For some, business as usual becoming thing of the pastFriday, December 7, 2001 | by
JERUSALEM—This isn't the first time Charlotte Rosensweig is sweeping up broken glass outside her store on Ben-Yehuda Street.
And it probably won't be the last time, says her daughter, Etti Doron, who is busy tidying up the family's stamp shop after the double-suicide bombing here on Saturday night, which killed at least 10 young Israelis.
"I'm not even sure why we go through this whole process," says Doron, pointing to the new panes of glass in the storefront.
"It's not like there are any tourists coming anyway."
The streets of downtown Jerusalem were fairly quiet Monday afternoon, less than 48 hours after the two bombers blew themselves up in a crowd of teenagers.
Most of the passers-by were stopping to pay respects at two makeshift memorials on the Ben-Yehuda pedestrian mall, where dozens of memorial candles and flower wreaths commemorated 10 young men who were killed in the bombings.
Traditional black-and-white printed memorial flyers listed the names of the victims, all but two of whom were from Jerusalem: Assaf Avitan, 15; Michael Moshe Dahan, 20; Israel Ya'akov Danino, 17; Yosef Elezra, 18; Sgt. Nir Heftzdi, 19; Yuri Korganov, 20, from Ma'aleh Adumim; Moshe Yedid Levy, 19; Golan Tourjeman, 15; Guy Vaknin, 19; and Adam Weinstein, 14, from Givon Hahadasha.
Avitan and Tourjeman were next-door neighbors.
"Guy, we'll remember you forever," read one hand-printed sign hanging from a lamp post.
Vaknin loved hanging out in Jerusalem's city center, according to his friends and family.
Teenagers gathered around the two memorial sites, some reading psalms, others weeping.
One boy ran to a nearby flower shop to buy a bunch of red-and-violet anemones, which he placed near a sign bearing his friend's name.
Except for some shards of glass still littering the cobblestone, few signs of the horrors remained.
Most of the stores already had replaced smashed windows. In one cell-phone store, a plasterer filled the holes in the ceiling, as other workmen repaired the shop's shelves.
But the Sweet T-shirt store, just two doors down from the stamp shop, remained a gaping hole.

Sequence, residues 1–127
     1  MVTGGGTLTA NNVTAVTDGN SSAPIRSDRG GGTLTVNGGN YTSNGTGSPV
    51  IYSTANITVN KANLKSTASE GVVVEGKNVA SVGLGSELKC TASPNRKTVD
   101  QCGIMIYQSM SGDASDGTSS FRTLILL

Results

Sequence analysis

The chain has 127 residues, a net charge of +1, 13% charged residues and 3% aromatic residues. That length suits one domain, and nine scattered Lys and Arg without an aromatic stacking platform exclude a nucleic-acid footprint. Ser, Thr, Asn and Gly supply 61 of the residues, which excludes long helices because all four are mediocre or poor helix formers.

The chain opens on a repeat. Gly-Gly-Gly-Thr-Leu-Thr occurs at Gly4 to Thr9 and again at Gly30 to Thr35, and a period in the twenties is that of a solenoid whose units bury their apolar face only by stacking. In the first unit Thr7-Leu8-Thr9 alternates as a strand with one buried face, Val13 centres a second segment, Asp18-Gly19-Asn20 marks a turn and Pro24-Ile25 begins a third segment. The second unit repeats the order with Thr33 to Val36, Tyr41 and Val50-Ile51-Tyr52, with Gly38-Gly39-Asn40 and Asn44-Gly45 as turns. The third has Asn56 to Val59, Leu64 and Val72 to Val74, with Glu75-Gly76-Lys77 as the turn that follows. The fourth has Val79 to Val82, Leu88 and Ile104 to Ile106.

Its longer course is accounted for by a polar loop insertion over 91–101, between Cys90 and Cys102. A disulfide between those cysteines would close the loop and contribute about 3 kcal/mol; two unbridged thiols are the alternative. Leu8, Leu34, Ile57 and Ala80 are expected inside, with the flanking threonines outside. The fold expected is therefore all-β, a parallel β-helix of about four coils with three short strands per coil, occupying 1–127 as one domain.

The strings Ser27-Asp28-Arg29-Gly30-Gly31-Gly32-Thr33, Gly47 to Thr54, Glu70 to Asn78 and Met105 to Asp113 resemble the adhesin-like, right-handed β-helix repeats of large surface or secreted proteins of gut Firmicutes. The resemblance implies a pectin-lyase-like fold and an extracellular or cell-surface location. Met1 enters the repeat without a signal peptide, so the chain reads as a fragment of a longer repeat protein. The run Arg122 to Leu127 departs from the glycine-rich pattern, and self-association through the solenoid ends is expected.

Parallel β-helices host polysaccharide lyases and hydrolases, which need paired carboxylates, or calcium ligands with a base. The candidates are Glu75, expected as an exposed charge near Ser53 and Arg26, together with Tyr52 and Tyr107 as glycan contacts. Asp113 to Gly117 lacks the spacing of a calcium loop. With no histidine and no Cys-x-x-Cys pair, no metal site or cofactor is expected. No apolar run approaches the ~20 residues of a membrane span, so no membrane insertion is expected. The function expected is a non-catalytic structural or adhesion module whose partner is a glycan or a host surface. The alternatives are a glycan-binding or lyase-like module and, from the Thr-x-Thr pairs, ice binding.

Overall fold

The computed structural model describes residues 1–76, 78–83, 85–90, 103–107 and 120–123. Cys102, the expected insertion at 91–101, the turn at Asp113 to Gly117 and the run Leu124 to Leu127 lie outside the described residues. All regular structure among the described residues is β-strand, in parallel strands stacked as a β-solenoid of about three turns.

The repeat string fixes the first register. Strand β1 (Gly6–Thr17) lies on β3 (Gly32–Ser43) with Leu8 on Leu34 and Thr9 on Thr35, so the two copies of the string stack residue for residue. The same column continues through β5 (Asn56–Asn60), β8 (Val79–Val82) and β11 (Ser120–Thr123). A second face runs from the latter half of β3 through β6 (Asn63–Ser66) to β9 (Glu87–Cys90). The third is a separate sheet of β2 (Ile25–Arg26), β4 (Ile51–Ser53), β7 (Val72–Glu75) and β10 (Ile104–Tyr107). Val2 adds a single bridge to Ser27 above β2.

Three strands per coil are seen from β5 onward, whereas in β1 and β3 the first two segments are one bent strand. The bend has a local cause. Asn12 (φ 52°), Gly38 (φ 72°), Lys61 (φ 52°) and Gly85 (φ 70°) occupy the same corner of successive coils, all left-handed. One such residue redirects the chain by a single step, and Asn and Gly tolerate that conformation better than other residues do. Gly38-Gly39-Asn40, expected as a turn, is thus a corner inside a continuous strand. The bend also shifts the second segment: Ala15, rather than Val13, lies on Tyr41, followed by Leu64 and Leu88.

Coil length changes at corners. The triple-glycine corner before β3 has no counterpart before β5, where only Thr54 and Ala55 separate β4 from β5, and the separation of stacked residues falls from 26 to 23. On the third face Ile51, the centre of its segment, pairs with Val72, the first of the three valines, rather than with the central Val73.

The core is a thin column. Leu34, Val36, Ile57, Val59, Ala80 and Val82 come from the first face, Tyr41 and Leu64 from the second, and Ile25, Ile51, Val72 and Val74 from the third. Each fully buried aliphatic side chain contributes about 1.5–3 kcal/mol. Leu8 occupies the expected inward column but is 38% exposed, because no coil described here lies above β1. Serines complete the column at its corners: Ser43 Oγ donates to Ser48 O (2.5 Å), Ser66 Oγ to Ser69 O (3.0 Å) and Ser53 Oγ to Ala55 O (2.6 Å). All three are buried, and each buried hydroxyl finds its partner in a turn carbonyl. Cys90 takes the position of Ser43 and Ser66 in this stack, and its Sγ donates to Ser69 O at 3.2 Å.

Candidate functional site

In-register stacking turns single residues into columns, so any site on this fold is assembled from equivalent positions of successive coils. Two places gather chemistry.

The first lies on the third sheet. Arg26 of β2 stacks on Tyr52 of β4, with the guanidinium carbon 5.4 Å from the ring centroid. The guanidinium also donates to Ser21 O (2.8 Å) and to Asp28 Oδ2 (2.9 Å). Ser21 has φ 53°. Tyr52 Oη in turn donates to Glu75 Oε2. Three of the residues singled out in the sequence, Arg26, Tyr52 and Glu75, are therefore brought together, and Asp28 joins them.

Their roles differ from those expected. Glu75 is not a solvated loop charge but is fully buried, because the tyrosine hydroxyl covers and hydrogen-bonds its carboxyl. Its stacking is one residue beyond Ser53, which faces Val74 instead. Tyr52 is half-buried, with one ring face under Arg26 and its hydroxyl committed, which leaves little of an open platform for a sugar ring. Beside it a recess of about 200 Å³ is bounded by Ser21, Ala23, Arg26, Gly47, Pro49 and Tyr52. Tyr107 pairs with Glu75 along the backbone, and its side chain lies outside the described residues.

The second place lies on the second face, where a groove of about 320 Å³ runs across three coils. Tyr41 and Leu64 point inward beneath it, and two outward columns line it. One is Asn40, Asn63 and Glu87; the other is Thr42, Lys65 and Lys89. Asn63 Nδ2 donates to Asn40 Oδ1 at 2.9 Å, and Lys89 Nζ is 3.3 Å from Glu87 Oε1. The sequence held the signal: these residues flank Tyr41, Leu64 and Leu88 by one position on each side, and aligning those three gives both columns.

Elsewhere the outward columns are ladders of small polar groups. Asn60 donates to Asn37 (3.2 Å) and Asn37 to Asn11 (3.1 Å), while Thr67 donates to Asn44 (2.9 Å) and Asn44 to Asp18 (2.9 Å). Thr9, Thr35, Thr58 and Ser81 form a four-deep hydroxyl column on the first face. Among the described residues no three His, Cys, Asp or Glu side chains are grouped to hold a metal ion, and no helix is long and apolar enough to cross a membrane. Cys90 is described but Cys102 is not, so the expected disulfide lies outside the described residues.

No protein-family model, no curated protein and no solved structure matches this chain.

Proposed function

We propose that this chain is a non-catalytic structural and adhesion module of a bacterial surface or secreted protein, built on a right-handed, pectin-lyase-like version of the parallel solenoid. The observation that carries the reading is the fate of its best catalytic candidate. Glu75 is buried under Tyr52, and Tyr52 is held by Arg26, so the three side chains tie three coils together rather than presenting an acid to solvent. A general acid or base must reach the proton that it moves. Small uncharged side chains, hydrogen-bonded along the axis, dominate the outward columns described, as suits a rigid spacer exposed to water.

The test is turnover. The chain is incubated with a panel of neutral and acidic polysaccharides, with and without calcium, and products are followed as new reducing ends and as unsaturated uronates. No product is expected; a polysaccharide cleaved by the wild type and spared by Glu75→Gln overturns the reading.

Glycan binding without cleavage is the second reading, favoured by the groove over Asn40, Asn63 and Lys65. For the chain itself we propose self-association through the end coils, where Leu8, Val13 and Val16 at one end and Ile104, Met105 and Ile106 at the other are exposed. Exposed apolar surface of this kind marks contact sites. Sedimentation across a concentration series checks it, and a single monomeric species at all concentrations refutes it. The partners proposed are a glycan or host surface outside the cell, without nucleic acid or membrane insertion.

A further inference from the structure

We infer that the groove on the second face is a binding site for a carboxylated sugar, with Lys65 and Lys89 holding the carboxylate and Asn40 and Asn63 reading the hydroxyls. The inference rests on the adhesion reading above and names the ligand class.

Everything, from the ceiling down to the floor, needed to be replaced, said Mayer Pruess, an employee who was standing outside the shop.
"They had to take it all out because it was full of blood, the suicide bomber's blood," he said.
Police told Pruess and his boss that the suicide bomber had the bomb strapped to his back, which was facing the shop.
"I've never seen anything so horrible in my life," said Pruess, who immigrated to Israel from South America. "The blood and the smell, the pieces of flesh scattered throughout the shop. I can't sleep, I can't eat. I can't even explain in Spanish what the scene was like."
For many of the store owners along Ben-Yehuda, Saturday night's attacks could be the final financial blow.
Stamp-shop owner Rosensweig, who has been in business since 1939, said this year was one of the worst in recent memory.
Pruess said his boss was probably going to close the T-shirt shop because of the dearth of tourists.
"There haven't been customers, and now there definitely won't be any," he said, shrugging his shoulders.
Meanwhile, life appeared to be returning to normal on nearby Rav Kook Street, where a car bomb was set off Saturday night, but claimed no victims.
Cabs and van services were driving in and out of the taxi stand, embarking on their usual routes around town.
"People still need to get places," said one cabbie, who had a car full of passengers.
Meanwhile, soldiers and police swarmed the intersections and main streets of Jerusalem, keeping an eye out for any suspicious-looking people.
They sat on the red-and-white construction barriers surrounding Zion Square, which is currently undergoing a major renovation.
"Life goes on," said a policeman guarding Zion Square, located near the pedestrian mall. "Where else are the kids going to hang out, if not here?"